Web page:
According to Mr Jayah “Fifty percent are marrying outside the community. I can see in these figures the first signs of disintegration of the Malay community”
“Added to this problem is that of widowhood among Malay women.There are about 1000 Malay widows and their numbers are swelled by another 1000 divorced women.”
Hopes of Marriage for these women are nil.The maintenance of these women and children demands the immediate attention of the government and Muslim social service organisations”

The mother tongue of the Malays,Bahasa Melayu spoken for over 250 years (since the original exiles here with their wives from Indonesia in the 18th century) is in danger of disuse, according to the organisation.
“ In recent years the Ceylon Malays have been confronted with a new problem which will have the effect of breaking up the Malay society into 3 different and distinct sections and this is a problem brought about by the implementation of the government policy with regard to the medium of instructions in schools.
The organisation envisages that this will eventually result in a generation or two, in the growth of different section of Malays - English Malays, Sinhala Malays and Tamil Malays. “ With little or no social life with one another and aggravating the existing problems within the small community. “

Religious Zeal

The early Malays showed remarkable religious zeal as evinced in the landmarks they have left behind. The CEMRO believes if the Malays follow the pious standards set by their forefathers they may yet stave off a calamity. Those Malays certainly made a notable contribution to the Malay community in Colombo especially.

Colombo’s main mosque, the Grand mosque at New Moors Street, not only contains the shrine of the Malay saint Tuan Bagoos Balankaya, but was designed and built by the Javanese architect Mohamed Balankaya.
The two storeyed mosque was the first of its kind and the then Governor of Ceylon, Sir Edward Barnes when he visited it in 1826 complimented Balankaya. Balankaya was the son of Hooloo Balankaya, Minister to the Raja of Goa, Mas Makotha Ranthay Pathola Mohamed Sahabudeen who along with other princes and noblemen and their families was exiled to Ceylon by the Dutch in 1723.
Being a devout Muslim Balankaya devoted himself to the religious and social uplift of the Muslims.By his Ceylon Moor wife Sithy Ummu Khadija, sister of Otthman Lebbe Maesthriyar (father of Mudaliyar Cassie Lebbe of Kandy) he had 9 children the last of whom was Tuan Bagoos Krawan Balankaya, who was born on January 28th 1827.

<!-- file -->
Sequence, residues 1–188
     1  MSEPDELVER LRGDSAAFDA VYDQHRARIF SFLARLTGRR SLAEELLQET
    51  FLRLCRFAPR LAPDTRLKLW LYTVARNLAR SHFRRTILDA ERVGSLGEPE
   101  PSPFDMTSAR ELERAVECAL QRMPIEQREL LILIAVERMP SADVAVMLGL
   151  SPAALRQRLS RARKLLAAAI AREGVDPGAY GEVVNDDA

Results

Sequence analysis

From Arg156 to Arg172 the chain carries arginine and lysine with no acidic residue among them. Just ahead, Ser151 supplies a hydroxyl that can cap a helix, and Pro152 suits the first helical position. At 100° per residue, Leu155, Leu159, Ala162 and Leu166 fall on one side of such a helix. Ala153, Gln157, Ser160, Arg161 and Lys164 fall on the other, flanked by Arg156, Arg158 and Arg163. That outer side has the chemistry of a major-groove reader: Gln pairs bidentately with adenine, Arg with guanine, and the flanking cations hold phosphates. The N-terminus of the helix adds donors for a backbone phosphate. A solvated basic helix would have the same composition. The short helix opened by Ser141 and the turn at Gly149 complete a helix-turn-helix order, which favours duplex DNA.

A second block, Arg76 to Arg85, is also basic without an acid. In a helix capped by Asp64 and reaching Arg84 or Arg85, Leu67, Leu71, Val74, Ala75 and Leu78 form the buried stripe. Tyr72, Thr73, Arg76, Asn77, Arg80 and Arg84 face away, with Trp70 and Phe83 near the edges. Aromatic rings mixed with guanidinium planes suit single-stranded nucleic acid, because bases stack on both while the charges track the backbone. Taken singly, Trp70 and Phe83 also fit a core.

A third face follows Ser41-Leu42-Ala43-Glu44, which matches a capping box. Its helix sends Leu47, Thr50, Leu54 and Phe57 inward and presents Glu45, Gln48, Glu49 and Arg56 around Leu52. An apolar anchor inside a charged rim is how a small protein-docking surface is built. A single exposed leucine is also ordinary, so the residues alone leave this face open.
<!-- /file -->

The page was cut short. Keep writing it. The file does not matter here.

This is the saint whose Mausoleum is at the Grand Mosque Colombo.He was Kalifa to Kottar Sheikh whom he later succeeded. He resided for a time in a hamlet at Palawa Turam half a mile from the Kochikade railway station ministering to the spiritual needs of the Muslims. This saint died young aged only 35 years on October 29th 1862.

There were many other Malay saints too. The Malays’ zeal for Islam further manifested itself in the Wekanda Jummah Mosque, gifted by a Javanese Pandan Ballie in 1786, the Masjid ul Jamiah at Java Lane built out of the funds of the General Purpose and Pensioners Fund of the Malay Regiment and several mosques built wherever the Malay garrisons were stationed.

Promised Land

The case of the Malays of Kirinde who have been awaiting an Exodus to a Promised Land for several years is pathetic and enough to raise the eyebrows of those who advocate social justice.
Kirinde is a predominantly Malay village with 108 Malay families and 523 Malays. The majority of them live in poverty with no visible means of subsistence.
The CEMRO had made representations to the Director of Geological Surveys for providing tube wells to the village, as lack of water is the biggest problem here. But either due to lack of funds or due to the absence of any scheme for the provision of tube wells in that area, no relief or easement was given.
This village has only one school for its children and only recently did CEMRO succeed in obtaining a Malay lady teacher trained in Sinhala medium, while there is no Moulavi teacher to instruct the children in Islam.
There is not even a dispensary. A doctor calls over once a week from Tissa.
The desperate Malays of Kirinde in a bid to eke out a means of existence, asked for land for paddy cultivation.

Thumbed down

For two years correspondence with officialdom shuttled from office to office criss-crossing each other at times. And in the end they were thumbed down- in officialese. It is not possible to start a youth scheme in Kirinde. However, if your organisation requires land for the cultivation of food crops please forward an application to the Government Agent, Hambantota.
So they were back to square one. Again the Malays of Kirinde were shown a Promised Land at Ranganvally, Potuvil four years ago. It is still only a happy aspiration.

The Ceylon Malay Research Organisation fashioned on the anvil of these cases of adversity, hopes by its research and fieldwork, to reach at the jugular of the Malay problem.

The community's leaders and representatives from Legislative Council to Parliament (now they are not represented in the House of Representatives) appear to have failed the community in working for its salvation.

The Organisation says:
“Whatever may be the reasons for the ineffective representation of the special problems of the Malays, the result has been that the Malay community continues to lag behind ….. That is our plight.”
The Malays feel they have been treated as a write off. But they hope to come back into the picture soon.

(The Ceylon Daily News, Friday December 15, 1967)